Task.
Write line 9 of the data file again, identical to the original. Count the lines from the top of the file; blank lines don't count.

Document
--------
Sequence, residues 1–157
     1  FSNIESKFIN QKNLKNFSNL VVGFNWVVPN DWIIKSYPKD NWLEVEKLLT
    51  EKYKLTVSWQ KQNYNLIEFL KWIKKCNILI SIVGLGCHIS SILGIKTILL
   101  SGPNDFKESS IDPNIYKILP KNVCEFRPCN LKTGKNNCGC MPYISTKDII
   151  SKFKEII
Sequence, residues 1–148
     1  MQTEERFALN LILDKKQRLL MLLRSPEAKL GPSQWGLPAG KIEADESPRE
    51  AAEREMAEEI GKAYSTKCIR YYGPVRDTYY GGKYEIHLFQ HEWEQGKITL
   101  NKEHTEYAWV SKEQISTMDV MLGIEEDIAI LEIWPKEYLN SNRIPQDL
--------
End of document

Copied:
   101  NKEHTEYAWV SKEQISTMDV MLGIEEDIAI LEIWPKEYLN SNRIPQDL